Humane society invites community to meet new animal shelter director
Published 12:09 am Sunday, September 10, 2017
By Clara Turnage
NATCHEZ — Lena McKnight is passionate about animals, and she has nearly 100 examples to prove it.
Recently hired as the Natchez-Adams County Humane Society’s animal shelter manager, McKnight’s job is caring for approximately 100 stray dogs and cats that need new homes.
On Saturday, NACHS will host a meet-and-greet fundraiser to introduce McKnight to the community. The event will include tours of the shelter, kissing booths with puppies and a chance for residents to meet McKnight, who has volunteered at the shelter since she moved to Natchez 16 years ago.
Southside Market will provide refreshments for the event, which will be from 11 a.m. to 3 p.m. at the animal shelter on Liberty Road.
The meet-and-greet is a part of a wider attempt to encourage community involvement that includes a new social media strategy to draw in volunteers and prospective adopters, McKnight said.
This fall, McKnight said the shelter plans to host a Halloween party with animals dressed in costumes for the occasion.
“It amazes me how many people have not even been inside of our shelter,” McKnight said. “Let us give you a tour. Know where your dollars are going to work.”
NACHS president Robert Greene said despite having a large pool of candidates from as far away as South Carolina, the board took little time to choose McKnight because she was well-qualified, enthusiastic and passionate about the animals.
“We were able to make that decision quick,” Greene said. “We just couldn’t turn her down.”
McKnight has an associate’s degree in animal science and livestock health and is taking classes to become a veterinary technician.
Growing up in Georgia, McKnight was a member of the local Equine Rescue League. She was crowned Miss Rodeo Georgia in 1992.
When she moved to Natchez, she picked up three dogs, a pig, and four horses.
“Two kids are in there, too,” she said.
Her oldest son, Hunter Yarborough, recently graduated from Trinity Episcopal Day School and her youngest son, Sterling Yarborough is a junior at the Natchez school.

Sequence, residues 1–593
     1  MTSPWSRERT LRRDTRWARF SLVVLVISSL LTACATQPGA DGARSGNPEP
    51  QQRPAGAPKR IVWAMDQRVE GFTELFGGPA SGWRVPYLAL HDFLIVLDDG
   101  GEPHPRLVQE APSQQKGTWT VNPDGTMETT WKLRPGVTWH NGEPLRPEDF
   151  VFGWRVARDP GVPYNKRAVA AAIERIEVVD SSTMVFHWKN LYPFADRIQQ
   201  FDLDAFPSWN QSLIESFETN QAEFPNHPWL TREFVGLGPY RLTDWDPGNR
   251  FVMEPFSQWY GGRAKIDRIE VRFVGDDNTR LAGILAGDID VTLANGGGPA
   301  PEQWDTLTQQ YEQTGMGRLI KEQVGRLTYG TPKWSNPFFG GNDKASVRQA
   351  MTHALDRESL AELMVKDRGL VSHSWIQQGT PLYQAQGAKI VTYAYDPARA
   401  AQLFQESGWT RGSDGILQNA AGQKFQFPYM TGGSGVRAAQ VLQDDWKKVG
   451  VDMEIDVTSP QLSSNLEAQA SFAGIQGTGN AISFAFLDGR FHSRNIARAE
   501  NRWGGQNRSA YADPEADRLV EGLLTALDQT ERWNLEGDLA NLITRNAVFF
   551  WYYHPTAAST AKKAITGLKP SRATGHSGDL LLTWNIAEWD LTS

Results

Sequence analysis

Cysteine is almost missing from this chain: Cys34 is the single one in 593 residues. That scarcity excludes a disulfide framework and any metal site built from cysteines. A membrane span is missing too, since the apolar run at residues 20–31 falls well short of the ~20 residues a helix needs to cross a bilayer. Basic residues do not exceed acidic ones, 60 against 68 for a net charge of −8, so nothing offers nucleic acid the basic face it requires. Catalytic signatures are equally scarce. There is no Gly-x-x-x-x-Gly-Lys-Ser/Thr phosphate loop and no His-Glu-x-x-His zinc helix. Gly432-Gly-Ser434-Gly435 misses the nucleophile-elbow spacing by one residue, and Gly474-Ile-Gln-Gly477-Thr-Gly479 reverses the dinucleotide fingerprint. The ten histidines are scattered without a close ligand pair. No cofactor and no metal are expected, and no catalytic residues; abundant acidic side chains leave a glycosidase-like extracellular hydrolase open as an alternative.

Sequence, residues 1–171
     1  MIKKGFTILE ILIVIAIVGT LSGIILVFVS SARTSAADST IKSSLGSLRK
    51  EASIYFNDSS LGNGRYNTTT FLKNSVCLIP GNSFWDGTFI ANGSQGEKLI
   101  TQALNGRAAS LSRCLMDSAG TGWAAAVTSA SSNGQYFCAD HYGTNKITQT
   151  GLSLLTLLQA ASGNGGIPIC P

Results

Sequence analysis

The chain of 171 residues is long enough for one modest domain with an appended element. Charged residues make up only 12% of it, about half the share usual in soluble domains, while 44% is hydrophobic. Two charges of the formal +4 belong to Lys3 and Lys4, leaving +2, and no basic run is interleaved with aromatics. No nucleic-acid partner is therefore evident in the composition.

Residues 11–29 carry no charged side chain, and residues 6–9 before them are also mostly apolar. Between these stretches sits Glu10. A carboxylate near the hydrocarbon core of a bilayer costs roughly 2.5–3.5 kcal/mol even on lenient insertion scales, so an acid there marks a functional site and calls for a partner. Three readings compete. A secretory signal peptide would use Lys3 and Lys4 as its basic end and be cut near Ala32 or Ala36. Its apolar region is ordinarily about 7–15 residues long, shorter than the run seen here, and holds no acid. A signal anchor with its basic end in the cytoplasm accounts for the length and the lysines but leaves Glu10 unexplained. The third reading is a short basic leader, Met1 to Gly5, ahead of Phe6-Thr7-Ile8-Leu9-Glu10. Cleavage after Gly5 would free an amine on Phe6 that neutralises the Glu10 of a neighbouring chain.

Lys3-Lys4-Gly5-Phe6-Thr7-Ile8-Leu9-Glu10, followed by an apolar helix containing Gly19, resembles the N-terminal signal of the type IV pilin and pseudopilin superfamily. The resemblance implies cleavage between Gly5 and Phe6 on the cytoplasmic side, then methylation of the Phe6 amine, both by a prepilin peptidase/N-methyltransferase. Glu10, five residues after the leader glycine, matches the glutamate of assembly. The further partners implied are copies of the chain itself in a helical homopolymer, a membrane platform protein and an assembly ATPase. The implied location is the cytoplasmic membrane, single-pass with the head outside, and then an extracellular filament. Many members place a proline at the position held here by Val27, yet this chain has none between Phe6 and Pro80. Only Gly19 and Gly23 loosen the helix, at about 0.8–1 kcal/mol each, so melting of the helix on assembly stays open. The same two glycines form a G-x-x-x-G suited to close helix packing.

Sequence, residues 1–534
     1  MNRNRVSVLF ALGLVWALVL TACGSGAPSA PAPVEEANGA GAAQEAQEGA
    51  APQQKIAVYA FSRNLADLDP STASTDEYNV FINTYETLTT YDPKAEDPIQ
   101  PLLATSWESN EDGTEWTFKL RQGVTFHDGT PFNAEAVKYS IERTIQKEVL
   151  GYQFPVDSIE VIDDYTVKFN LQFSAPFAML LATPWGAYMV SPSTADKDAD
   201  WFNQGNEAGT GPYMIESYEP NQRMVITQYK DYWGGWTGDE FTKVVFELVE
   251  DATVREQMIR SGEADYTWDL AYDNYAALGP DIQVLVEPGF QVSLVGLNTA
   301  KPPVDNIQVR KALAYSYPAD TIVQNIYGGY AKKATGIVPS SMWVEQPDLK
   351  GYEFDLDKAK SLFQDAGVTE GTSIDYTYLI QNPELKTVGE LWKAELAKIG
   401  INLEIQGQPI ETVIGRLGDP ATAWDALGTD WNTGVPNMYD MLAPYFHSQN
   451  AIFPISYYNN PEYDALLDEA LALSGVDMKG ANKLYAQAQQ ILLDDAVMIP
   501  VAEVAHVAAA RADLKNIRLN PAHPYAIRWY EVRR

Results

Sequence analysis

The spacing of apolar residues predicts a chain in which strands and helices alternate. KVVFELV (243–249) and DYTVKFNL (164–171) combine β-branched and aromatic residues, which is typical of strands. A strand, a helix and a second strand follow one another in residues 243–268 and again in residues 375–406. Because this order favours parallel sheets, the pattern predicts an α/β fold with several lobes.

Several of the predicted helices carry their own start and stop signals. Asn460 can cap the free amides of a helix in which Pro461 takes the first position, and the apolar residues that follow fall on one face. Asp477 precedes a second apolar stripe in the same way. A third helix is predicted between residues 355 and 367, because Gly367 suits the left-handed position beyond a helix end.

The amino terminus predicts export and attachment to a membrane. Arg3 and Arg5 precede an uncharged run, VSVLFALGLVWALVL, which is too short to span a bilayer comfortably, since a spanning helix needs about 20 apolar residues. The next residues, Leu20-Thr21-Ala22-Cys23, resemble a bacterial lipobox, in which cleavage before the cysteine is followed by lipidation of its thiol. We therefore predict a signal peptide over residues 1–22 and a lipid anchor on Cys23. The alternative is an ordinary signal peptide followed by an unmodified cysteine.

With fewer demands at home,
McKnight said she now can devote more time to the shelter.
“There are pros and cons to this job — it can make you really mad — but you just want to save them all,” she said. “I think I can do a lot here.”
McKnight spends a part of her day performing medical care — treatments, shots and medications — for animals who come in off the street. The shelter receives at least one stray dog or cat a day — a testament to Natchez’s overpopulation problem, she said.
The facility cannot always take on the animals and, when room isn’t available, McKnight said she often has to ask people to keep the animals until space frees up. Sometimes the backlog becomes so heavy that a waiting list exists just to get the animal into the shelter.
Once in the facility, however, the animals are put in an observation room to watch for health ailments. After observation, healthy dogs and cats are placed in the shelter with other animals.
“These animals are very well taken care of,” McKnight said. “I want people to understand they’re not just getting a pound puppy right off the street.”
McKnight said she hopes the meet-and-greet event would show the community how much these animals need them, but she also hopes the event will draw in people — like her — who love the work.
“What’s my something? It’s animals. It’s always been animals,” she said. “It’s unconditional love. It just makes you smile every day.”